Cite this asDel Buey MÁ, Casas P (2022) Possibilities of monitoring intraocular pressure using a transpalpebral scleral tonometry in cases of corneal and ocular surface pathology. J Clin Res Ophthalmol 9(2): 015-016. DOI: 10.17352/2455-1414.000097
Copyright License© 2022 Del Buey MÁ, et al. This is an open-access article distributed under the terms of the Creative Commons Attribution License, which permits unrestricted use, distribution, and reproduction in any medium, provided the original author and source are credited.
Cornea and ocular surface specialists need a form of tonometry for those cases where it is not possible to use Goldmann applanation tonometry (GAT) on the cornea. There are many situations in which the condition of the cornea prevents adequate monitoring of the intraocular pressure (IOP) with applanation tonometry, such as the existence of neurotrophic ulcers, corneal infections, or abscesses, corneal injuries or corneal de-epithelization. In addition, certain ocular postoperative situations, require a digital estimation of high or low pressure as the only option for IOP monitoring. This happens in the postoperative period of surgeries such as corneal collagen crosslinking (epi-off technique), surface refractive techniques (PRK, epi-LASIK), amniotic membrane grafts, corneal perforation treatments, presence of keratoprosthesis or therapeutic contact lens.
Digital IOP estimation requires experience and is also a subjective method of IOP assessment, so having access to an objective form of tonometry, such as transpalpebral scleral tonometry (TPST), opens a new window for IOP control in a group of patients with corneal and surface pathology, in whom glaucoma is a constant threat (Figure 1).
To evaluate the efficacy of TPST, we consider it important and necessary to carry out a prior evaluation of the diagnostic test, by assessing the repeatability of measurements, and a comparative study of GAT (gold standard) and TPST (with EASYTON tonometer) in healthy patients, without obvious corneal pathology. In this way, we could estimate the range of IOP values in patients with pathology, since, in these cases, we can only compare it with the digital determination of IOP.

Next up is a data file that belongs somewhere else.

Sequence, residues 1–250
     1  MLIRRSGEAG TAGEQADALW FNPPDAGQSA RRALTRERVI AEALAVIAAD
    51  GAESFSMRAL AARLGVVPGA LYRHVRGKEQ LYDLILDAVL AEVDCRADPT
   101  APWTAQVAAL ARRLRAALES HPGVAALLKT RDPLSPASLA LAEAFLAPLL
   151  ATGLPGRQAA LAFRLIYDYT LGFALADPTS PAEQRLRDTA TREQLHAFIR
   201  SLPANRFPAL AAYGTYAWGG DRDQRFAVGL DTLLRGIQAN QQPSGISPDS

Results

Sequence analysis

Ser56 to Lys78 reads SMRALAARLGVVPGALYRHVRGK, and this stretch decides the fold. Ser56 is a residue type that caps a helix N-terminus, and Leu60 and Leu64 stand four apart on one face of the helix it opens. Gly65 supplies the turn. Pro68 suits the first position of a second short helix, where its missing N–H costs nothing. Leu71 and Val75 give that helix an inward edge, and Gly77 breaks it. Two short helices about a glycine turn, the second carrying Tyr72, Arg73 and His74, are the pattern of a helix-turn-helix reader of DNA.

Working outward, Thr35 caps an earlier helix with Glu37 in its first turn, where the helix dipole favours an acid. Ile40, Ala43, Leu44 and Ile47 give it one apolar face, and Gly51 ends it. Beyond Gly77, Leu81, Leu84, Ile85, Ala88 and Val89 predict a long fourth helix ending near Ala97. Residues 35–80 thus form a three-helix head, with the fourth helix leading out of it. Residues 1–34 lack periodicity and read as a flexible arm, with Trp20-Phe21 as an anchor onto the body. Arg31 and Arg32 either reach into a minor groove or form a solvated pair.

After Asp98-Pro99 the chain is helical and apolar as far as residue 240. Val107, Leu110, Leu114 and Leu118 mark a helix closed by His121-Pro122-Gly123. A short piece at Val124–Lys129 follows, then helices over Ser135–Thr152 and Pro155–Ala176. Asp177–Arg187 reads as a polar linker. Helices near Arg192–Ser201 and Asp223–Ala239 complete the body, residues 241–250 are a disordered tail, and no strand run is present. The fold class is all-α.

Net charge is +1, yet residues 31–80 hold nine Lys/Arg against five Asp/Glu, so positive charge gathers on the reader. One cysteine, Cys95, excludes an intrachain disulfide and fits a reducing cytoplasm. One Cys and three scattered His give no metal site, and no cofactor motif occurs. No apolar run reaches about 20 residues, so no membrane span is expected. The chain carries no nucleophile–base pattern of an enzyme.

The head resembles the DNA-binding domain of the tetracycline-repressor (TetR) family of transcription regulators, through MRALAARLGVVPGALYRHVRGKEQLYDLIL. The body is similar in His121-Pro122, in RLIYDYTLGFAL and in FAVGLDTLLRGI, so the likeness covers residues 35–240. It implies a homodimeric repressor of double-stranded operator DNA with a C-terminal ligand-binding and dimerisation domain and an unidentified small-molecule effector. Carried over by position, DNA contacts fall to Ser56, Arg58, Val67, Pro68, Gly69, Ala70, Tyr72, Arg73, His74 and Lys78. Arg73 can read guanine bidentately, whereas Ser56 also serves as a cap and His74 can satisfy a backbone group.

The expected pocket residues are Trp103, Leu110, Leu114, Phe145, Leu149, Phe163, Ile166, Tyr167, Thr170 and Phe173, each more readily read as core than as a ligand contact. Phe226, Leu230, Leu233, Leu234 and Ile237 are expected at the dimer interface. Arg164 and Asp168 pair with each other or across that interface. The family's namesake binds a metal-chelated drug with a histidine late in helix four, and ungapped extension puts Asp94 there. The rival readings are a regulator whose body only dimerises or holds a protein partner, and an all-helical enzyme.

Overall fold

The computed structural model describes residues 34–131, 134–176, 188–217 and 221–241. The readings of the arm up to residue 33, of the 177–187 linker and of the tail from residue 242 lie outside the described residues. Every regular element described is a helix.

In our assessment research, we designed a prospective study approved by the local ethics committee in which three TPST measurements, using the EASYTON® tonometer (Elamed Company, Russia), and one measurement using the traditional GAT technique, were sequentially performed on 73 right eyes of 73 control patients (aged 24–83) (mean age 57.4 ± 16.3 years). In addition, 12 eyes of 12 patients undergoing corneal or surface surgery (penetrating keratoplasty, DSAEK, and pterygium) were evaluated with TPST and digital palpation tonometry in the immediate postoperative period (1-2 and 7 days). We evaluated the post-surgical cases subjectively in normal tone by palpation, ocular hypotonia, and hypertonia. Subsequently, we carried out an objective IOP measurement with EASYTON and assessed the correlation of results.
IOP measurements with TPST and GAT were made by the same doctor (M.A.D.B). First of all, each of the tonometers was calibrated according to the manufacturer´s recommendations. With the patient lying down and the gaze slightly oriented downwards (Figure 1), three consecutive TPST measurements were obtained in the upper sclera. Fifteen minutes later, the same examinator instilled one drop of Colircusi Fluotest® (Alcon healthcare S.A.) and three GAT values were recorded. Each group of measurements was averaged to compare and correlate with the other group.
Our results were as follows:
After reviewing these results, we can conclude that TPST demonstrated safety, repeatability, and efficacy comparable to GAT. TPST is a valid option in patients with IOP less than 30 mmHg as demonstrated by this study. In addition, it could prevent the subjectivity of IOP measurements with palpation in cases of corneal and surface pathology such as penetrating or lamellar keratoplasty and other corneal or surface surgeries and provides objective tonometry. The avoidance of contact with the cornea, high repeatability, and the lack of negative effects justifies the use of this device in compromised corneal cases. In addition, IOP determination by easyton has other advantages over other portable tonometers. There is no contact with the external ocular surface, so the use of topical anesthetics or other disposable material is not necessary; transmission of infections is not a problem.
The main limitation of this study is the number of patients included. In addition, future studies in patients with IOP above 30 mmHg corroborate the efficacy of this device in glaucomatous or hypertensive eyes. Finally, we must emphasize that this method should be evaluated (and may not be the most appropriate) in cases of scleral alteration such as high myopia, inflammatory scleral pathology, or cases of previous filtering scleral surgery where the IOP measurement should be tested in other location different from the upper one.
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